In the same way that the State Department so easily denied visas to those seeking to escape Hitler’s Europe, The Executive Order carelessly, dangerously, and unnecessarily  upended people’s lives. Even if the court’s eventually find parts of the order unconstitutional or a violation of statutory law, it still cuts by more than one half the number of refugees who will be admitted into the United States. Who does such a mean policy possibly benefit?

I am thrilled at the outrage of ordinary people, lawyers, and elected officials regarding the Executive Order.  For those interested in a plethora of open sources material on Immigration and U.S. Policy see




Ten Reasons Why Political Protests Work: A Legal Historian’s View

  1. Second Thoughts: Protests make elected officials hesitate before taking unpopular action. Sustained protests are wearing on elected officials. Think of the Vietnam War protests and the effect that they had on Lyndon B. Johnson.
  2. Visibility: Protests make opposition visible and provides the optics of opposition that the media can broadcast. Think of the images of the Civil Rights Movement and most recently the Women’s March. There is truth to the chant that the whole world is watching.
  3. Supporting Elected Officials. Protests give elected officials who support the protester’s goals ammunition and the ability to sustain opposition — they need to know that their base is behind them
  4. Camaraderie. The gathering of people who have at least one common goal makes a single individual feel part of a group – they are not alone but part of many who feel the same way. Protesting transforms the individual.
  5. Social Movement. From protest a social movement will emerge. At protests people learn from each other and create webs of knowledge about ideas, events, and actions. We learn to act as a coalition.
  6. Safety. If protestors are targeted for their political views, there is safety in numbers—they can’t go after all of us.
  7. Practice. Exercising one’s First Amendment Rights is frightening and takes courage and practice—We need to learn how to use our bodies and voices to stand up for our beliefs.
  8. Protests are Patriotic. There is a long history of protests against the state from the Boston Tea Party to the Civil Rights Movement – it is part of our heritage to make government better and more just. As the chant says, “This is what Democracy looks like.”
  9. Exercising Morality. Protests are a way of visibly saying “not in my name.”
  10. Legal and Social Change. Protest and legal change can go hand in hand. Protests spur lawyers to file legal suits and legal suits can further energize protests.

The Pain of Living in a Post-Feminist World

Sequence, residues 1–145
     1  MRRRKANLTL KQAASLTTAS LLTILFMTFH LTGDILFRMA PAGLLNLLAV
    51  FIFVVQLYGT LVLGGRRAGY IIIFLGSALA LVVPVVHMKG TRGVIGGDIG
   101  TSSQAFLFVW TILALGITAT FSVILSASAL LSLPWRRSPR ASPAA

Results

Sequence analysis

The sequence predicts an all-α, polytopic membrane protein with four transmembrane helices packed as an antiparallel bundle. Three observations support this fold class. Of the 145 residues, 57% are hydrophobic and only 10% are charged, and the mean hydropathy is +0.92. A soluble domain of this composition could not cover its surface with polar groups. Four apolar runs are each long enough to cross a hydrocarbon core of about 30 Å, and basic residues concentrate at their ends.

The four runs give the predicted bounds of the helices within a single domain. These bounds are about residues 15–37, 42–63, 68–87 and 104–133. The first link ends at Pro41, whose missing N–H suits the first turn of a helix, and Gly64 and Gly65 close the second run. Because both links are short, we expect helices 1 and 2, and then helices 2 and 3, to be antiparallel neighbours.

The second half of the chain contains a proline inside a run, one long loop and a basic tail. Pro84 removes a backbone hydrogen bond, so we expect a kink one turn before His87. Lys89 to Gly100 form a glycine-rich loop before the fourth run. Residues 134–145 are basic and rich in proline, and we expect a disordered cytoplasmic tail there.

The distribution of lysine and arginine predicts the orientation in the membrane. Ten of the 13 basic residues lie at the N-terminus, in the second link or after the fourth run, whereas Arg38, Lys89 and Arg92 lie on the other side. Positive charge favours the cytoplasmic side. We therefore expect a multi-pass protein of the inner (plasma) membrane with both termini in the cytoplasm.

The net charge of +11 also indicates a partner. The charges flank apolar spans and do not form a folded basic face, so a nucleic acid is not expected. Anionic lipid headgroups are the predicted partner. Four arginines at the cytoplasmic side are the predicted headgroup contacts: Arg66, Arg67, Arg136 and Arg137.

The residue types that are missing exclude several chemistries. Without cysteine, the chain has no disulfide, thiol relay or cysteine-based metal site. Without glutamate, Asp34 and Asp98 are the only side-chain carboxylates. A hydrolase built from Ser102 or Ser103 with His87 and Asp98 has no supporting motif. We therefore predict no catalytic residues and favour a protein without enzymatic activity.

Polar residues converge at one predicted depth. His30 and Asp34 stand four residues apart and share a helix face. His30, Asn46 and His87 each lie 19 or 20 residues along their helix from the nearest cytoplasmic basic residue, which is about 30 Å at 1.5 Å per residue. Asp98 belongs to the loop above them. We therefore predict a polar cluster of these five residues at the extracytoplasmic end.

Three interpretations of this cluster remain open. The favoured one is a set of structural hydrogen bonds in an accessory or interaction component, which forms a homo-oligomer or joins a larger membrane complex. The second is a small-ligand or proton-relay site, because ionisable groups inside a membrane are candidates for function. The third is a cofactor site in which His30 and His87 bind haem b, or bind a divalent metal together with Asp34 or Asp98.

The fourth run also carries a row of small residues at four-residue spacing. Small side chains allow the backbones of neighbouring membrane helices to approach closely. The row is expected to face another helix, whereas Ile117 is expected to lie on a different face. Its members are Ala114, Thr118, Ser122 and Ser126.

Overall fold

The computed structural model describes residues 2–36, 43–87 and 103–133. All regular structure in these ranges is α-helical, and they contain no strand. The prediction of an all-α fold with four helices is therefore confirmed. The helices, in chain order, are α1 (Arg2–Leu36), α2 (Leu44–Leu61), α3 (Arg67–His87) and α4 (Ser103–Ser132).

A number of women students just alerted me to Deborah Copaken Kogan’s “My So-called Post-Feminist Life” which recently appeared in the Nation. ( Kogan reveals decades of subtle and not so subtle sex discrimination, leaving her feeling misunderstood, alienated, and questioning her career as a writer. Although in different form, I too feel similarly discouraged. I was too young to have firsthand experience of the women’s liberation movement but I naively believed that feminists of the 1960 and 1970s had broken through so many barriers to equality, that my own career would be smooth sailing. Yet from the time that I entered law school, I have continually confronted sexism and I quickly learned that I was better off keeping as silent as my conscious would allow. Women have a hall pass to the corridors of male power which can be revoked easily should one actually identify, name, and voice their own discrimination. In this post-feminist world to be a feminist is to be labeled angry, humorless, weak, too sensitive, passé, irrelevant, overall a pain. “This was all taken care of decades ago, stop whining, get with the program.”

We are supposed to imagine that structural and institution sexism and racism are relics of the past, a long ago problem that has since been solved. Remnants of discrimination are understood be isolated and personal problems – a mere failure of communication or civility. In our current world, the personal is decidedly not political. If we look around and see few women colleagues well what does that matter? They had their chance. It is just another indication of women’s personal choice not to join or to stay. Such women have chosen to leave the party early. Yet few see that such decisions often mask exhaustion, frustration, and alienation. Were we ever really invited to the party in the first place? Hillary Clinton did it, why can’t you?

Mentoring and The Sounds of Silence

For at least a decade, women’s bar associations, universities, and other institutions have been producing reports trying to explain and rectify the lack of women and minorities in top positions such as partners in law firms or full professors in universities (especially within the sciences, technology, and engineering). Although the actual number of women and minorities within law firms and university faculties is improving only at a snail’s pace, there is consensus regarding how such institutions can attract and retain women and minorities. At least one component of all of these reports is an emphasis on the importance of having a mentor. Yet virtually none of these reports discuss in any detail what it means to be a good mentor or how one becomes a good mentor. In its most dilute form, mentoring means an occasional lunch outside of the office and dozens of internet articles on mentoring are at best trite.